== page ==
Luffy and the straw hat pirates are sailing to new heights with One Piece Film: Red, which continues to break records. The latest volume of the manga has hit over 1.5 million in sales, but not everyone feels so sanguine about its continued success.
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Since the series began serializing in the pages of Shueisha’s Weekly Shonen Jump in 1999, creator Eiichro Oda has depicted pirates including the Straw Hats as rebels of various genders, sexual orientations, ages, etc., against the world’s oppressive authoritarian World Government.
As recent as chapter 1066 of the One Piece manga, the origins of Monkey D. Dragon’s revolutionary army “that would shake the world to it’s core” was revealed to stem from the World Government’s mass murder of unarmed academics of Ohara, for the crime of “speaking their mind.”
On November 12th, after taking his daughter to see One Piece Film: Red, Japanese human rights lawyer Hajime Kambara accused Oda’s best-selling pirate franchise of being the Right wing’s favorite anti-democracy, anti-feminist and counter-revolutionary ideology. In addition, he claims the popularity of an anime like One Piece will doom Japanese society (translated via DeepL).
“My daughter accompanied me to see the movie One Piece for the first time.” Kambara recounted. “Which was filled with the right-wing’s favorite counterrevolutionary ideology: ‘If the people want peace, the opposite will happen.'”
“The story is about a bunch of men who look like bodybuilders, and they just keep on violating each other.” He added. “I guess the author (Eiichro Oda) is anti-feminism and anti-democracy.”
“Even though the beginning of the film depicts the people suffering from the war, it does not show any resolution in the end.” Kambara acknowledged. “If there is an ideology in this film, it is at best a chivalrous one, i.e., a gangster’s ideology.”
Kambara proceeded to describe One Piece as “Anti-revolutionary ideology and chivalry, anti-feminism and anti-democracy. Japanese society is truly hopeless when it comes to the popularity of such anime.”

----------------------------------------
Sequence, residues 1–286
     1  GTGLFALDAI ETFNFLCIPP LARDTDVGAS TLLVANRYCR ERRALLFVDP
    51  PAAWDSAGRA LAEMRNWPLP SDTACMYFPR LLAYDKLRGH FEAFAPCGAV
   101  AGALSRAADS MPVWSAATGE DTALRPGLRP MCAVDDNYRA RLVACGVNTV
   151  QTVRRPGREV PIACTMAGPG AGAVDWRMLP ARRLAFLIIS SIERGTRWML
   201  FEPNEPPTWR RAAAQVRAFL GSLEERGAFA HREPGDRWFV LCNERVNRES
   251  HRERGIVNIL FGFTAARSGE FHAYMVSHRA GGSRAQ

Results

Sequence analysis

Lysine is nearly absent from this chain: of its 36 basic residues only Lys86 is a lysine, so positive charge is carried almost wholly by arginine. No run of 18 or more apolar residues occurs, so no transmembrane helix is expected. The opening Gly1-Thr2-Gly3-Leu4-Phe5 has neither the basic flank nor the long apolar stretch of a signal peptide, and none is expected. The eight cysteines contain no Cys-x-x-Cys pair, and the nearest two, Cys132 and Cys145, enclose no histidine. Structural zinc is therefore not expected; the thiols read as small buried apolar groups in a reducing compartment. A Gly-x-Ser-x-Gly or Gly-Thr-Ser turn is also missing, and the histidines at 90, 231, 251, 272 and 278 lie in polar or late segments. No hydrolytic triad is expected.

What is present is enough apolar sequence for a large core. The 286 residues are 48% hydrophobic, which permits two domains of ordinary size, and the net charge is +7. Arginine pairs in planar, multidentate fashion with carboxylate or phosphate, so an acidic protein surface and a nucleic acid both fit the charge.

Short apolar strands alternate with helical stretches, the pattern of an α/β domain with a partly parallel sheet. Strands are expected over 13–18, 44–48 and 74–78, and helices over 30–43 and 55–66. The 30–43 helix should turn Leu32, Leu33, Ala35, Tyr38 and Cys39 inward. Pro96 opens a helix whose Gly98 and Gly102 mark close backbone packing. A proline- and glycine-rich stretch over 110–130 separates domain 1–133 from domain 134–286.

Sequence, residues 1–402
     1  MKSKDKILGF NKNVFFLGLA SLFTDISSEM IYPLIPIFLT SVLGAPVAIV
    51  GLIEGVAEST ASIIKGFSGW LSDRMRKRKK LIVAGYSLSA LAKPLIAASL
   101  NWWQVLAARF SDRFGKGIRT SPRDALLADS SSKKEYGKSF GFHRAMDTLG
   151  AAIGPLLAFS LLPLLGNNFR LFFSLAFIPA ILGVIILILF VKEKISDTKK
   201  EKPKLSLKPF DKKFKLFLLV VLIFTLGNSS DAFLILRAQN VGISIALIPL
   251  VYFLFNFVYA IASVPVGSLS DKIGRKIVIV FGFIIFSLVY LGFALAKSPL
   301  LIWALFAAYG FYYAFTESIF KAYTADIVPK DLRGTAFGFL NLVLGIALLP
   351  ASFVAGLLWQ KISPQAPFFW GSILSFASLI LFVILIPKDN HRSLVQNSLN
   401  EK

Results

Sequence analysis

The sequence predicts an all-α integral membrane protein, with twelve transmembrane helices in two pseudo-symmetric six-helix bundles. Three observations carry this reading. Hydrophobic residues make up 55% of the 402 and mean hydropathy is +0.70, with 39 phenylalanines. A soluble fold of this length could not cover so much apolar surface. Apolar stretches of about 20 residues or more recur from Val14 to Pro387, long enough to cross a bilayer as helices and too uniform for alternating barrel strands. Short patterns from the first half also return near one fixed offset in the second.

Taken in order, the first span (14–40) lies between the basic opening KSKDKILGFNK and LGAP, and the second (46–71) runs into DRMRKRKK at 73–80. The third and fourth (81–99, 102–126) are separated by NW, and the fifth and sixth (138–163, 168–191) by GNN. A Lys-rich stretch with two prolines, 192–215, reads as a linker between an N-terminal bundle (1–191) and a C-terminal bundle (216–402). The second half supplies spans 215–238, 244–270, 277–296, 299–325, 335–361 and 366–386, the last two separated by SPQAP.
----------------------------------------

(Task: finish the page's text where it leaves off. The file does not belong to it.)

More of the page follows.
The lawyer then began to compare the marketability quality and quantity of the various works that Disney has to offer to Japanese anime. They claim the reason why anime is inferior to Disney is due to the “values” of Japanese creators being stuck in the past.
It should be noted that recently the first part of the best selling Japanese manga adaptation of Disney’s mobile game Twisted Wonderland concluded. Currently, the second part of the manga and a Japanese anime adaption are in development.
“While Disney has many works that are suitable for children but can be appreciated by adults, Japanese anime is really bad.” Kambara stated. “This is probably because the values of the creators are stuck in the Showa era (1926-1989).”
“In the process of a country’s decline, even at the level of ideology and values, there is a regression and corruption.” He added. “This is not just a problem of anime, but a problem of the decline of Japanese society as a whole.”
Upon his initial thread reviewing One Piece Film: Red being ratio’d by Japanese twitter, Kambara addressed the critics of his controversial hot takes on the film.
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“I get comments on this tweet that I should read the original manga, just watch the movie, but I’m giving my opinion of the movie, so why do I need to read the original story?” Kambara inquired. “If the original story and the movie are different, why don’t people who like the original story protest the movie?”
“In the original story, there’s a counterargument that pirates are anti-authority.” Kambara acknowledged. “But at least in this movie, the pirates and the navy were pretty familiar with each other.”
“Uta is the revolutionary in this movie, right? Uta’s revolution is destined to lose popular support because it is self-righteous.” He continued. The pirates may be anti-authority, but shouldn’t the film as a whole be understood as anti-revolution?”
Kambana proceeds to criticize what he claims are the stereotypical chauvinistic bodybuilding pirates depicted in One Piece Film: Red. He specifically refers to Uta’s adopted father Gordon. Additionally, due to the popularity of the alleged “sexist” One Piece Film: Red, he accuses Japan of being stuck in the Showa Era.
“And the pirates are macho anyway. They all have bodies like bodybuilders.” Kambara noted. “The master of the pirates (Uta’s foster parent) is a man of the Showa era (Ken Takakura type).”
“It’s a mystery why this kind of stereotypical, macho, male chauvinism, Showa-era look is still popular.” he pondered. “After all, hasn’t time stopped in Japan since some time in the Showa period?”
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